There are common threads that run through the heart of champions. They share the ability to listen to their instincts and train from within. They see opportunity even in the presence of the greatest of obstacles. And they continue to look for ways to excel and improve at every stage of their life. The following are three incredible stories of elite athletes who rose from the depths of career-ending injuries back to the podium, in record time.
What makes their comebacks even more interesting is the brand new training strategy they used to do it.
Training Outside the Box
"The way you step up your game in light of the competition is to never try to do what everybody else is doing. Instead, you become more of yourself." —Oprah Winfrey
Two-time U.S. 5,000 meter champion, Lauren Fleshman, started evolving her training regimen after a series of injuries nearly ended her career. "I broke my left foot four times, and realized I had to get smart and do something different or I would never compete again," Fleshman recalls. "I had to face the fact that I had limitations and that I couldn't train like everyone else with high mileage weeks."
Her process of experimentation led her to discover the ElliptiGO, a low-impact device designed specifically to emulate running outdoors. "I initially incorporated the ElliptiGO into my training to recover from an injury. Once I was healed, I began to rely on it to compensate for the mileage difference between my competitor's weekly mileage and mine," explains Fleshman. "Instead of going out and putting the additional volume on my legs and joints, I rode the ElliptiGO for the equivalent amount of time that I would have been running. That way I could put in fewer running miles to reduce the likelihood of injury, but keep my fitness level on par with my competitors."
By letting go of the constraints of traditional training, Fleshman took a big risk. However, her strategy paid off at this year's IAAF World Championships, where she tied the best finish ever by an American woman in the 5,000 meters. "It's been my best year ever and I've been able to stay healthy enough to train for my debut marathon in New York City." Fleshman finished 16th in the 2011 NYC Marathon. Her return to running shows that she is a leader in the sport and one to watch heading into the Olympics.
Finding a Silver Lining in Every Obstacle
Top U.S. Mountain Running champion Simon Gutierrez's thriving running career came to a screeching halt when an ordinary knee surgery went terribly wrong last year. After seeking several opinions, it was determined he had necrosis and the bone in his thigh was slowly dying. "I was mad at first, especially when I was told I'd never run again, but I'm an optimist so I started to put the pieces together and focus on healing," Gutierrez explains.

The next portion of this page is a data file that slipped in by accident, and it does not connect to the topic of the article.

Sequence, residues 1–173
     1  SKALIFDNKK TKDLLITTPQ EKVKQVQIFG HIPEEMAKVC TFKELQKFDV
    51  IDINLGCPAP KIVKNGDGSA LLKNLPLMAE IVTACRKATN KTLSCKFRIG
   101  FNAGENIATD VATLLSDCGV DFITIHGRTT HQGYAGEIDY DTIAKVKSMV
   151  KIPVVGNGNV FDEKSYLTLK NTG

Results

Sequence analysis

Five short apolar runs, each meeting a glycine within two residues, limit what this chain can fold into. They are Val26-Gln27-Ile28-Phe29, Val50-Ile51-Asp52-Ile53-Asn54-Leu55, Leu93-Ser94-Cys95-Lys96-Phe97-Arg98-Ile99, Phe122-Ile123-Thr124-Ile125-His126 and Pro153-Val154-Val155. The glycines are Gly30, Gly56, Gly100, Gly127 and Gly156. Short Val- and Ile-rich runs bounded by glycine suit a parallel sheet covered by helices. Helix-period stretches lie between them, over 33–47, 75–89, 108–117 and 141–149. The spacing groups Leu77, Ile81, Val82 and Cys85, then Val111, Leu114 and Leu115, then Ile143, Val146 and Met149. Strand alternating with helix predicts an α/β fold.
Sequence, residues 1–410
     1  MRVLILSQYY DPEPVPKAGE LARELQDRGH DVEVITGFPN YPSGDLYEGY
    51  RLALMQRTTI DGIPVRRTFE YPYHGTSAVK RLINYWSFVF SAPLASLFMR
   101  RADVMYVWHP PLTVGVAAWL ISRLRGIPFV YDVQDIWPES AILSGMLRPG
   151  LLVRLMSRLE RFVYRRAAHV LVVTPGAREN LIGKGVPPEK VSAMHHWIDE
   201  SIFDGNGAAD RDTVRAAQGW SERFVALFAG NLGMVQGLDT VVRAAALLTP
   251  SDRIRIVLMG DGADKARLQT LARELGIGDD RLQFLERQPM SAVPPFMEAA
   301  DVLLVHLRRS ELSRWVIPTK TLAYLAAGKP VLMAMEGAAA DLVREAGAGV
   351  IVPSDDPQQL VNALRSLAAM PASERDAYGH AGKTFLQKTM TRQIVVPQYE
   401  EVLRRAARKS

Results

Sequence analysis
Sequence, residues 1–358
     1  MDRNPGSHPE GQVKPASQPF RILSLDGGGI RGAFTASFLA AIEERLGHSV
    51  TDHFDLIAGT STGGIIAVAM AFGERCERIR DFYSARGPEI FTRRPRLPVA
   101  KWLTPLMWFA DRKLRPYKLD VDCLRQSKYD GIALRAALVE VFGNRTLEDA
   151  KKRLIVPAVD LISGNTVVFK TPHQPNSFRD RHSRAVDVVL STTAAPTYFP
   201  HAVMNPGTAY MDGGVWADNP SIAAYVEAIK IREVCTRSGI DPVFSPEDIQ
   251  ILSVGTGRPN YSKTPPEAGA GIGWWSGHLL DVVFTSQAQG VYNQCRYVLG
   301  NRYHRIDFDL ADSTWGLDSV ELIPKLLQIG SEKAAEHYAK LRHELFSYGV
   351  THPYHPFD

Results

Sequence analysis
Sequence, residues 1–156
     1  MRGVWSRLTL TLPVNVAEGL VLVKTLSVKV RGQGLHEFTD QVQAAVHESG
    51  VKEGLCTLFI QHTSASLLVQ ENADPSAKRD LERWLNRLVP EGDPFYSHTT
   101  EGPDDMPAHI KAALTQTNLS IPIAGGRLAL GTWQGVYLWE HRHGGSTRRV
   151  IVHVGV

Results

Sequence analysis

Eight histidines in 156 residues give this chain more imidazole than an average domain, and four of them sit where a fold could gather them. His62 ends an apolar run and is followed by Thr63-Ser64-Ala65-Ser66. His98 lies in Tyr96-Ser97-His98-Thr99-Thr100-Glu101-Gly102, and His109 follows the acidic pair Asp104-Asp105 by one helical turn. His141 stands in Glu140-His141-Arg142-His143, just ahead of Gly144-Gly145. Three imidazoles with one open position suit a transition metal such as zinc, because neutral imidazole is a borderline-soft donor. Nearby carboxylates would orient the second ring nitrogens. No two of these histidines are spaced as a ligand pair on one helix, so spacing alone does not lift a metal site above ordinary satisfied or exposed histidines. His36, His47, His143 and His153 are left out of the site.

Simon surrounded himself with a team of orthopedic specialists in Vail, Colorado, and after several months of rehabilitative work, Simon's leg was healthy enough to begin exercising again. "That's when I started using the elliptical machine because it allowed me to perform weight-bearing activity without any impact on my knee," says Gutierrez. "Six weeks later I learned about the ElliptiGO and went for a ride. I couldn't believe it—I could push myself but had no pain at all. It was a truly magical moment because I felt like I was running, something I never imagined I'd do again."
Eventually Simon was able to progress from walking to jogging. "I'd ride the ElliptiGO almost daily to develop cardiovascular and muscular strength, and sprinkle in a little running," says Gutierrez. I started thinking 'If I can just run an eight-minute mile, I'll be happy.'"
Fortunately, his leg continued to heal and his running career started to come back to him. When he tested his speed and found he could run a sub-six-minute pace without much effort, he was in shock. "It was a miracle," explains Gutierrez. "I thought I've found a secret formula back to running again. If I could do this, maybe I could race again." And that is exactly what he did. Only 18 months after his catastrophic surgery, he returned to the racing circuit and astounded everyone with a fifth-place finish at the Mount Washington Road Race followed by a third-place finish at the Pikes Peak Ascent where he bested his previous time by more than three minutes. He's adapted his training so that he's running less and using the ElliptiGO to maintain peak cardiovascular fitness. His story illustrates how a seemingly insurmountable obstacle can lead to discovering a new path forward towards accomplishing a goal.